Future of Content: predicting the post-coronavirus future is hard but lockdown has challenged our received wisdom about content and audiences, says Ian Rumsey

A lot of people are spending a lot of time pondering what the future of content looks and feels like. Maybe it’s because so many of us have been stuck at home with more time to think.

Maybe it’s also because we feel this year might well have changed a lot of things: what people will want to watch next year and beyond, and how that content will be funded, distributed, consumed and so on.

After a year like this, making predictions – certainly in the short term – feels as reliable as guaranteeing next week’s lottery numbers.

The fact is, even if I had a crystal ball revealing next year’s guaranteed hit ideas, I certainly wouldn’t be writing about it here. I’d be keeping them very close to my chest and sharing only with our team at ITN Productions and a few commissioning editors.

This year has created astonishing levels of uncertainty and disruption. It’s also led to a rediscovery of our appetite for trust and reliability, alongside creativity and freedom. All of those attributes apply to the production companies that have best weathered the current storm, and also to the programmes that have still done well this year.

As I write this, I’m looking at yesterday’s overnights – Bake Off, I’m A Celeb, MasterChef: The Professionals and the soaps dominant. Trusted, reliable, escapist programming.

The ‘old normal’

Other trends this year seem to have included the ‘old normal’ – warm bath, comforting TV. History has done well; nostalgia, a reminder of the way we were and nature shows too. Maybe next year, horizons will expand as travel opens up. Maybe people will also want to see a reflection of their desire for personal, home and financial improvement.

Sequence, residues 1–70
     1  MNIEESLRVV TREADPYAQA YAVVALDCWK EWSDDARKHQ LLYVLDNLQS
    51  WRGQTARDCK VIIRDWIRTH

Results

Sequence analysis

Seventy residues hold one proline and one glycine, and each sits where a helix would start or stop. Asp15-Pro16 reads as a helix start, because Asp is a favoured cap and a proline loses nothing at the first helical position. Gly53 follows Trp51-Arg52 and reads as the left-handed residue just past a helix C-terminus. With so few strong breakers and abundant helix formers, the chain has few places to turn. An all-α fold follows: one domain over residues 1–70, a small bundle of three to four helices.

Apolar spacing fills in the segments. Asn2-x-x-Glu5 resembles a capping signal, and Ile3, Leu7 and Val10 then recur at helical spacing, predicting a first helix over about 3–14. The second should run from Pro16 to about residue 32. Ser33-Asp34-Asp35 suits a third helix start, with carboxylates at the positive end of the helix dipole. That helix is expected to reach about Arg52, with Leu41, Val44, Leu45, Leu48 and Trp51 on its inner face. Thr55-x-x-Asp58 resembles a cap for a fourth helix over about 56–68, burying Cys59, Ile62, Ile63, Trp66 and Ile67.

The hunger for impartial, balanced, questioning news has been huge in 2020. Certainly, the bulletins provided by ITN for Channel 4, Channel 5 and ITV have been a trusted rock in the schedules to which viewers have clung, and on which public service broadcasters will, no doubt, continue to rely as essential, credible, channel-defining content.

In an era of fake news, the need for genuine reporting of events and expert balanced analysis is more vital than it’s ever been.

I’m looking at yesterday’s overnights – Bake Off, I’m A Celeb, MasterChef: The Professionals and the soaps dominant. Trusted, reliable, escapist programming.

Factual programming has thrived this year, partly because of cost, speed and simply the ability to carry on with production where genres like drama have understandably struggled. We’ve certainly found that at ITN Productions, and it’s led to us producing a record number of hours – more than 720 – this year. In 2021, drama will come back strongly but we still expect factual to do well.

Broadcasters have always coveted programmes that are repeatable, to make the most of content and to get maximum value. This is even more true during lockdown, and that will certainly continue.